For example, a Chinese learner might write about how plurals are expressed very differently than they are in English. Or a Romance language learner might simply complain for a page and a half about all the grammatical genders that need to be memorized for every noun.

While standard grammar rules are definitely useful, this act of comparison makes the grammar seem more relevant, more immediate. It’s just a different way of doing things that you’ll master before too long.

5. Write about your thoughts and feelings.

What did you think about your new language partner? Did you feel a connection between you two? Or how about that new textbook you bought online—was it everything you thought it would be? Think about the movie you just watched in your target language. Did you like how it ended?

Write about your feelings and you’ll quickly find out, after a sentence or two, that you only have a cursory knowledge of what you’re actually thinking and feeling. Yeah, you know you don’t like the book you bought… but then ask “why?”

Maybe you’ll realize that you don’t like the book because the vocabulary isn’t relevant to your life. Write down that insight! You’re now in a better position to pick materials that actually bring you closer to your goals.

As you get more and more advanced, try to write these entries at least partially in your target language. Don’t be afraid to stop and look up the new words you need to express your full thoughts.

6. Write about cultural customs.

How many cheek kisses are appropriate when greeting friends in Barcelona? What are the mechanics of bowing in Korea? What gestures should I never make in Italy?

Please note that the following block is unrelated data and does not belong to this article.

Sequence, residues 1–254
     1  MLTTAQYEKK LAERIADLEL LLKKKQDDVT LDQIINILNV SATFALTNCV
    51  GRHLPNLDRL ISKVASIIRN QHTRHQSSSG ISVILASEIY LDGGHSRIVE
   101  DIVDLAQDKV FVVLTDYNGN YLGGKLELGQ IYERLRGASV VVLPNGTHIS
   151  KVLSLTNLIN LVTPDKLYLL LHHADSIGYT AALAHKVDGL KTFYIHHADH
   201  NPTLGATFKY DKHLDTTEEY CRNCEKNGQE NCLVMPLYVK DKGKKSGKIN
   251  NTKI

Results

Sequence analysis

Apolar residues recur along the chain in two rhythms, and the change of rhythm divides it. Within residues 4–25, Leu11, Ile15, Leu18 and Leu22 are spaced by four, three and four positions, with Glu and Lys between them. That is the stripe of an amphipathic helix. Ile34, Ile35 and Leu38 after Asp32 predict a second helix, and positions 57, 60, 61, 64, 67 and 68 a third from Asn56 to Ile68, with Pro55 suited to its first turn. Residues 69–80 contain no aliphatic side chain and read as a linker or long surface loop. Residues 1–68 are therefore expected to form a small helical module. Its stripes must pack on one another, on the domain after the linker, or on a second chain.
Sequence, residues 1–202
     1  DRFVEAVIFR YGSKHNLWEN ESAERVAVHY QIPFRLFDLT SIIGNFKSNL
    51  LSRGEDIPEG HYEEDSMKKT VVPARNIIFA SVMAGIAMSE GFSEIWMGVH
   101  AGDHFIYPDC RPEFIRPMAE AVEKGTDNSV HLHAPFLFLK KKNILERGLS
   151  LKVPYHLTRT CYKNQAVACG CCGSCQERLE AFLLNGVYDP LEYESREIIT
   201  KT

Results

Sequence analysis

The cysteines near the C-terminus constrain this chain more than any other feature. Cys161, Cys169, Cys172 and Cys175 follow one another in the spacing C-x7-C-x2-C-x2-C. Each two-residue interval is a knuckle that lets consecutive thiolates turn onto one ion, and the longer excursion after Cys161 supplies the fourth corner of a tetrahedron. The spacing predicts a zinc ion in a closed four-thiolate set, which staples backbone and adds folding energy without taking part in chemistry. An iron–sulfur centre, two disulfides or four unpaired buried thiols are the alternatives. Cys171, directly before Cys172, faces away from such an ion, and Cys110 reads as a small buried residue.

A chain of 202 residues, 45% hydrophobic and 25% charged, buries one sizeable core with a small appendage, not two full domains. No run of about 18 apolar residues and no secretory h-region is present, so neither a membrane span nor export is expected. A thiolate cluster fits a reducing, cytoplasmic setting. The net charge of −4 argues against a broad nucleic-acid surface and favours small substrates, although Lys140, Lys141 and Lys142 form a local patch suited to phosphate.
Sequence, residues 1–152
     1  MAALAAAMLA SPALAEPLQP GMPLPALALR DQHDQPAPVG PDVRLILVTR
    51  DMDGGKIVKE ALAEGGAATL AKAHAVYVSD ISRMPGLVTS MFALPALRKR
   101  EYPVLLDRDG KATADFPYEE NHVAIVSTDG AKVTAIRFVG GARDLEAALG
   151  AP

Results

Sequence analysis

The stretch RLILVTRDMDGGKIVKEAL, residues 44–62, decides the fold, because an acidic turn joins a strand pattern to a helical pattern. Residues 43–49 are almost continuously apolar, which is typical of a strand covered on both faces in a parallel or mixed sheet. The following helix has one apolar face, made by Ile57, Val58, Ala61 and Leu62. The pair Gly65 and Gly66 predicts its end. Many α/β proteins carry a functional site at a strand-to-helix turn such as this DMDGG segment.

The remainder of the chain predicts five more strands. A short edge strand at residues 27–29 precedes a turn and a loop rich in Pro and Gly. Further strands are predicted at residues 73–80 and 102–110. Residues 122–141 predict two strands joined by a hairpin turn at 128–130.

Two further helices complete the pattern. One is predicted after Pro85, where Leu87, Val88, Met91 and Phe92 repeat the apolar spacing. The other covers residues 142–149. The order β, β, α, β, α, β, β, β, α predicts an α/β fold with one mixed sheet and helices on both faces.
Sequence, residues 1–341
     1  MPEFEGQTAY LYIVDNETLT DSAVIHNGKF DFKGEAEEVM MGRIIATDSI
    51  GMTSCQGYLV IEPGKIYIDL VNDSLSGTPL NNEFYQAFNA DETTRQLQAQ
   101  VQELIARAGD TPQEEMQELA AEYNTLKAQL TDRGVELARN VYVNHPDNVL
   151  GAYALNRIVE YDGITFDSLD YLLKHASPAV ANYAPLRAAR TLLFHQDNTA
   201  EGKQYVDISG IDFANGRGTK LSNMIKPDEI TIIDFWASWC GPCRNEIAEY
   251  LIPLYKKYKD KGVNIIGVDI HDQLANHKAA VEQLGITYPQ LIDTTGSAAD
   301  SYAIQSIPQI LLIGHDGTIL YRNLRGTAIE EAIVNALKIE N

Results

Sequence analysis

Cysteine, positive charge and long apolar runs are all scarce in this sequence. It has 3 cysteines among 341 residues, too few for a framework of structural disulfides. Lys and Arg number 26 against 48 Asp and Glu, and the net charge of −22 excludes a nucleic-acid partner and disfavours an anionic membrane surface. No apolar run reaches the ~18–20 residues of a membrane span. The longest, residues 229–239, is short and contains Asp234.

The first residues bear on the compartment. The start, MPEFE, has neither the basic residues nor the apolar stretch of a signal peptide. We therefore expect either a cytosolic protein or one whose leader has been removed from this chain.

Studying language is tied to learning about culture. So what elements of the target culture surprise you? Do you agree with them? Do you think they’re possible to adopt in your everyday life?

No matter the language you’re studying, its associated culture(s) will have some interesting nuggets that are worthy of a journal entry.

Writing about these things will help you widen your cultural horizon and melt your biases, making you more appreciative of others. And if that’s the only benefit you get while maintaining a journal, it’ll still be worth it. But you already know there’s more to it than that.

Just knowing there’s a wonderful culture and an awesome group of native speakers behind the language gives you more motivation to work towards fluency.

 

So go right ahead, start keeping a journal today! Albert Einstein, Leonardo da Vinci, Mark Twain and Marie Curie did it to their profound benefit. So should you!

Journaling is your partner in language learning. The time and effort you put into it will be richly rewarded. You have to trust the greats on this one.